1984-88 - you have your 6 string, so explore the really high notes.

1989-on - his tone gets a lot more open. Scoop the mids, make each note count.

Above all, you have to learn to play with a pick. I'm not really a pick player either, and I hate having to make sure to have one handy at all times, but it's essential... you simply cannot get the right feel and sound without one. Flatwound strings are also pretty crucial for his tone pre-1989 or so.
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Re: Cassidy bass line

Postby Lunchbox16 » Mon Nov 01, 2010 10:57 am

Rusty, this is great. I'll definitely experiment based on your ruminations and see what I can do.

I'm more concerned with Phil's approach to playing than I am with replicating his sound/tone. In all honesty, I don't always like it, especially from the mid-to-late 80s. It just sounds too sterile to me. Yes, it's a really clean tone, but it doesn't have that round, fat sound that I like. Part of that, I think, is playing with fingers (and I just switched to flatwounds for my Jazz bass) because a pick provides a more consistent attack, but it lacks the nuance of playing with your fingers.
"Is maith an scéalaí an aimsir." Time is a great storyteller. -- Irish Proverb
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Re: Cassidy bass line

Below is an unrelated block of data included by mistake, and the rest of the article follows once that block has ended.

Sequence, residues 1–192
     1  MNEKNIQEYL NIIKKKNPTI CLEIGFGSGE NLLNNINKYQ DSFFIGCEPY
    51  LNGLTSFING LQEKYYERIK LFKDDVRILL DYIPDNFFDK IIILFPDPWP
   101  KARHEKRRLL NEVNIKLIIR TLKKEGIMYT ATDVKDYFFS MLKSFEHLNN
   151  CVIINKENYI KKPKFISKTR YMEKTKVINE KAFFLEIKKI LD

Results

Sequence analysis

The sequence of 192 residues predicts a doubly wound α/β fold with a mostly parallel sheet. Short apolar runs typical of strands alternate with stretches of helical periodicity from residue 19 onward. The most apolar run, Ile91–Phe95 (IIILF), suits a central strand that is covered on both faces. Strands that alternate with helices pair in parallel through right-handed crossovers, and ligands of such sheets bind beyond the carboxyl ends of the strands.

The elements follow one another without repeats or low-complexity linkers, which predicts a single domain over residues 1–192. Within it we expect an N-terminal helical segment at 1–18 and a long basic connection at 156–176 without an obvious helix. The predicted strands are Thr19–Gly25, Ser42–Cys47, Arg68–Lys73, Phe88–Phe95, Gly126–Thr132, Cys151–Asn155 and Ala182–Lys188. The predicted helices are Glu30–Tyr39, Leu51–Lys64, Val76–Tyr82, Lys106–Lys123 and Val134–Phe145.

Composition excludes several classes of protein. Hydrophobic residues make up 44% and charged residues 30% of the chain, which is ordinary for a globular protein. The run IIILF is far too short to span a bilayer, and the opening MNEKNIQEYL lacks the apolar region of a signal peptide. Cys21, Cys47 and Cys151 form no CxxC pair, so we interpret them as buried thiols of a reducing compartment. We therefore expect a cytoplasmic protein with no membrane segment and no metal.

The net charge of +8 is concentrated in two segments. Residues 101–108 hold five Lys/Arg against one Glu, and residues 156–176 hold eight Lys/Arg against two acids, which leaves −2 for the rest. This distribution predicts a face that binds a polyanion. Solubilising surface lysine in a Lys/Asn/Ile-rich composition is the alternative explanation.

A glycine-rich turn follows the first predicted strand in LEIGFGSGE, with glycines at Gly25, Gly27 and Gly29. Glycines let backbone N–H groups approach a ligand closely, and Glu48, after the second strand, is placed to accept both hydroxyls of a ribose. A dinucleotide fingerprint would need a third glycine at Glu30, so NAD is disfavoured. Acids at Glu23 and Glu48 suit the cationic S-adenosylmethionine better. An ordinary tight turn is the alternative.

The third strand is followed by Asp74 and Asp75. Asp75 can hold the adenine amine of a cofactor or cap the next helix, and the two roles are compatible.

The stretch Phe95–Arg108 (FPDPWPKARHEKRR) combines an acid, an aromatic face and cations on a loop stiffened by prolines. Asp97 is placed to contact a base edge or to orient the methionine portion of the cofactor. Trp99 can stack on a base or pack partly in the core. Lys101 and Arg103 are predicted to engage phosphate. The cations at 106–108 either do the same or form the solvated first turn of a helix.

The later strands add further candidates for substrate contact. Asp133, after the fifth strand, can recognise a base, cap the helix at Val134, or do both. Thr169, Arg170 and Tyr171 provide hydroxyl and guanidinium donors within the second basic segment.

Postby Rusty the Scoob » Mon Nov 01, 2010 1:48 pm

I totally agree that you can get more subtle nuances with your fingers than a pick, but IMHO you can't quite get Phil's phrasing. Something about the up/down motion makes the licks jump out of the bass correctly, and two fingers just inspire you to move around the strings differently. Plus playing fingerstyle encourages you to play the bass the way you're used to playing it if you're a pocket/groove player, and you almost have to forget all about that and relearn the instrument to really get into Phil.

I'd at least get a pack of 2.0mm Dunlop Gator Grips or similar and toy with it at home - you'll be surprised how much more naturally the Phil licks flow. Learning to use a pick made me a much better Phil player on the rare occasions I find myself playing Phil fingerstyle.

You can also still get a very warm tone IMHO - just set the bass and EQ much warmer than you normally would for fingerstyle.